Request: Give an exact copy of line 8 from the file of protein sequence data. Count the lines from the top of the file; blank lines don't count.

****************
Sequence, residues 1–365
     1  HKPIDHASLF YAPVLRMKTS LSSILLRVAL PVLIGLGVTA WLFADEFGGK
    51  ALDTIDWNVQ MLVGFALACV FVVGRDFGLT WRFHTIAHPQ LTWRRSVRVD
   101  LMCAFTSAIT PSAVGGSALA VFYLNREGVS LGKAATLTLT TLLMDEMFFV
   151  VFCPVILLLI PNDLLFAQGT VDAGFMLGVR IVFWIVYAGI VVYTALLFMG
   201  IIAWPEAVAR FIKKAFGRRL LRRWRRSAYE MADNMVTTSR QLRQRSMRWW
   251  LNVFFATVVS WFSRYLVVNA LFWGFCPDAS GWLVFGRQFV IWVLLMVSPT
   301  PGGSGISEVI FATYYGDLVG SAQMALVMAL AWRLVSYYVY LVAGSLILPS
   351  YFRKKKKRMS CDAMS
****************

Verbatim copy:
   301  PGGSGISEVI FATYYGDLVG SAQMALVMAL AWRLVSYYVY LVAGSLILPS